Finally, most dumpers have already made peace and healed from the breakup long before the breakup. They are generally already emotionally detached and ready to move on.

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Often times people who are fresh out of a break up will quickly get into a relationship with a person they have been friends with for a long time. Why...do they suddenly realize this was the person of their dreams....not really. People who rebound quickly after a relationship ends are people who can't handle being alone. They are lost without the perks of having a partner..so they run out to date again in order to quickly find a replacement and the next person who shows them interest will be their new partner..because anybody is better than nobody as far as they are concerned. They really luck out, however, if they have a long time friend who was secretly pining for them...as soon as they are out of the relationship the pining friend makes their move and voila...instant relationship..the rebounder doesn't have to go through the headache of scrambling through the dating world desperately trying to find a replacement...the replacement falls right into their lap with the longtime friend who was just itching for the opportunity to go for it. Sure people marry their rebounds...but is it really for love and having found "the one" or is really out of desperation in order to not be alone. Remember that loneliness and desperation can drive people to make decisions they wouldn't normally make if they were emotionally healthy and independent. Loneliness and desperation can make people think they are in love when really they are only in love with the notion of being in love...and in love with the idea of having a partner. The partner could be anyone.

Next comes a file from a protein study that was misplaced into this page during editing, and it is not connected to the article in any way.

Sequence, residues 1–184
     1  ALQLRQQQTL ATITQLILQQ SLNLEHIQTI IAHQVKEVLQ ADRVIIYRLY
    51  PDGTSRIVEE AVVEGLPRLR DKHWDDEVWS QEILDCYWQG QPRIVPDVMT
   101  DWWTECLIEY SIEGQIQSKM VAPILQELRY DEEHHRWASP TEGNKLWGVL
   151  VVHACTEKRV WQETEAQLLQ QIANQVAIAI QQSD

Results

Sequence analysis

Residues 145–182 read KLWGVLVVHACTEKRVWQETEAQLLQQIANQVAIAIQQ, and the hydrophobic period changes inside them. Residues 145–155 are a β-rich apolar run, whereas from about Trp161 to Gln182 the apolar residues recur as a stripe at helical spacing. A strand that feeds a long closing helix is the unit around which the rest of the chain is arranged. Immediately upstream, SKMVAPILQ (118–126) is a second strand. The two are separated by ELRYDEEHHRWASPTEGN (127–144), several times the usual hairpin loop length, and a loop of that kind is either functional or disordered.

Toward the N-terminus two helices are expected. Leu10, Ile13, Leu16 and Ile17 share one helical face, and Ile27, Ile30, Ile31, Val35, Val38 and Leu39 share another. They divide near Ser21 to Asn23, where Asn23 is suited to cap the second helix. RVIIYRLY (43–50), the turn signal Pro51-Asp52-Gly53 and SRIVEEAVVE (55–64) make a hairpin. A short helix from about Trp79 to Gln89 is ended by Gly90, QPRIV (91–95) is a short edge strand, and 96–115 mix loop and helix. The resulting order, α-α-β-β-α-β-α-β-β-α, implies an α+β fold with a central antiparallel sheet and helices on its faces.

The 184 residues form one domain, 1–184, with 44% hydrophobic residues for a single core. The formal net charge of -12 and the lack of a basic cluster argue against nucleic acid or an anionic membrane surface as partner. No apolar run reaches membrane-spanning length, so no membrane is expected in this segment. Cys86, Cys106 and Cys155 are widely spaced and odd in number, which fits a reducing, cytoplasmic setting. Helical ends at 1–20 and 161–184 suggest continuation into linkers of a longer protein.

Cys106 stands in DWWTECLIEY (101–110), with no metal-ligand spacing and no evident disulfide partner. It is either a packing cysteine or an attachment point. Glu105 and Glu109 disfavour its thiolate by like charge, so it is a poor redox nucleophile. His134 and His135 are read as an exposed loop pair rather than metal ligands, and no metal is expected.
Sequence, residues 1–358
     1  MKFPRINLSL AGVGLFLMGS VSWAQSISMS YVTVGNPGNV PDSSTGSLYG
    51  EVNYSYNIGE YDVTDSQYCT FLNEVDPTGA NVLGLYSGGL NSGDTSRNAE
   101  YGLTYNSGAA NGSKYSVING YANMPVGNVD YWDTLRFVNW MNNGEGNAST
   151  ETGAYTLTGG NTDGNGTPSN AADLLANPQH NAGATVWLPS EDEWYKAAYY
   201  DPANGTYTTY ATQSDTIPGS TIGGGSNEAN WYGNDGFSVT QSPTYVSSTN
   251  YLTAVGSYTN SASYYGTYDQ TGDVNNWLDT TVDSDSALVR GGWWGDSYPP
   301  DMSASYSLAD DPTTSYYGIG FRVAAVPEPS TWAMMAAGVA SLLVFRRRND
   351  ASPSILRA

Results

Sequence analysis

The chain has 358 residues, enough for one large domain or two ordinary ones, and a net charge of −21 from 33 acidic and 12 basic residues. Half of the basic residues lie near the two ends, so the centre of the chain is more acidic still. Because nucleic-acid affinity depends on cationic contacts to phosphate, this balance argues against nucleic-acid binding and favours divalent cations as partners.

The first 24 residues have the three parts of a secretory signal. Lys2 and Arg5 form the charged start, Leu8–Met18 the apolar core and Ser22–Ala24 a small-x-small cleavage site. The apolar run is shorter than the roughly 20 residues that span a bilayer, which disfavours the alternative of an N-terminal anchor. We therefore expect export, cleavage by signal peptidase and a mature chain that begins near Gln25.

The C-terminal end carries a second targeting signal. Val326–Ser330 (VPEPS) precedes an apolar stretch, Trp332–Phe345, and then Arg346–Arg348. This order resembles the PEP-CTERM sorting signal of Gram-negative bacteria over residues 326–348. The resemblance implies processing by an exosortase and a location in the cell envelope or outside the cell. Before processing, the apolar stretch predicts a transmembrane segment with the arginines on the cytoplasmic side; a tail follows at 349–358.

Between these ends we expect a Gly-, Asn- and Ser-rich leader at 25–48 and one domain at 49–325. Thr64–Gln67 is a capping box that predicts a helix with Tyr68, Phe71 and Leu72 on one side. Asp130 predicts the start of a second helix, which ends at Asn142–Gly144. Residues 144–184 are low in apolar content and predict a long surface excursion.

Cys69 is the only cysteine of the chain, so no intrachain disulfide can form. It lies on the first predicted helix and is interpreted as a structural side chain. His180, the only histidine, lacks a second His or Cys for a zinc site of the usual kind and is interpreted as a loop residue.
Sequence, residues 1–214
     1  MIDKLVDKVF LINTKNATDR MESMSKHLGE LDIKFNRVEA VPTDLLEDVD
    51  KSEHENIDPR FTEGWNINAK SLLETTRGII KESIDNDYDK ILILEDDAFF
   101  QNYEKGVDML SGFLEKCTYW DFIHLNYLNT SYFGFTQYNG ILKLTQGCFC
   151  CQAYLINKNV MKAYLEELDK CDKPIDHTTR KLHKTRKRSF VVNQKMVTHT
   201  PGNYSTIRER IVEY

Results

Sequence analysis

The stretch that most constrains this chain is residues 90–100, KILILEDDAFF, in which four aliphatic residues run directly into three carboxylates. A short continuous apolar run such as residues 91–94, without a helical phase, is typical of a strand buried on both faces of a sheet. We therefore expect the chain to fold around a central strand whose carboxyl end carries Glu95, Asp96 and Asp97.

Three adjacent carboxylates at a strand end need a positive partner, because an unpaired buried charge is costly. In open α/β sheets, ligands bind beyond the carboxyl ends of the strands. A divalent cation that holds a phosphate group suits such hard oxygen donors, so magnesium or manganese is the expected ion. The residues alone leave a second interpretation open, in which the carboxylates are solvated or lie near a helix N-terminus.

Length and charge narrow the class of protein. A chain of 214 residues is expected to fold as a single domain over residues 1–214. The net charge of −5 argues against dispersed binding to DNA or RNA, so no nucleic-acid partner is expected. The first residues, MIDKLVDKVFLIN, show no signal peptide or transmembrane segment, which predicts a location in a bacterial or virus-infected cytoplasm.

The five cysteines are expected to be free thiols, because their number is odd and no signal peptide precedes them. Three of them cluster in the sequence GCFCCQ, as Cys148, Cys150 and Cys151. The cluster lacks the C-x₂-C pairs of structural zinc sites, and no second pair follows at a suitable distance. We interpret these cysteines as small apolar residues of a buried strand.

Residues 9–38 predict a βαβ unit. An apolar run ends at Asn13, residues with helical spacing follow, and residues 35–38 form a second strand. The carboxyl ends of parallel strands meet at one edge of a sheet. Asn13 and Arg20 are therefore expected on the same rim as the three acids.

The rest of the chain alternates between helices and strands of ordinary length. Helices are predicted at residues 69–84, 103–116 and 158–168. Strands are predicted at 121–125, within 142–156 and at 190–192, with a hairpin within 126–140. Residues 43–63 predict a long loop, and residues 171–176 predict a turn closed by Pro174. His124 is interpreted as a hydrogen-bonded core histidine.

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  • 1 month later...

If the dumper was truly finished with the relationship and had no desire to return to it then it doesn't matter when they meet the next person because it really isn't a rebound. Dumpees sometimes look at the this person as the cause for the breakup or the reason the dumper will come back. In reality the dumper is done with you and it has no bearing on the timing of when they hook up with someone else.

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"Rebound" or "the true love of their life", it doesn't matter. The only thing that does matter is the fact that they (dumper) have chosen not to be with you anymore. They are now with someone else. People (dumpees) love to rationalize and speculate about the validity of their former partner's new relationship when they should be getting on with their lives and doing all they can to accept the situation and get over the person that left them. Hanging on in the false hope that your ex's new relationship is "just a rebound" is extremely counterproductive to your healing and is very delusional thinking.

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I dont believe in rebounds, if anything i believe the person dumped is more likely to be in what people like to refer as "rebounds". The dumper has to have felt what they did was a mistake, thats what you should be asking, "does a dumper who might think they have made a mistake by leaving me function well in their next relationship?" Life isnt structured that everyone will be in a rebound. When i was both the dumper and dumpee i really liked and loved the next one and easily rejected the ex's in their attempts to come back.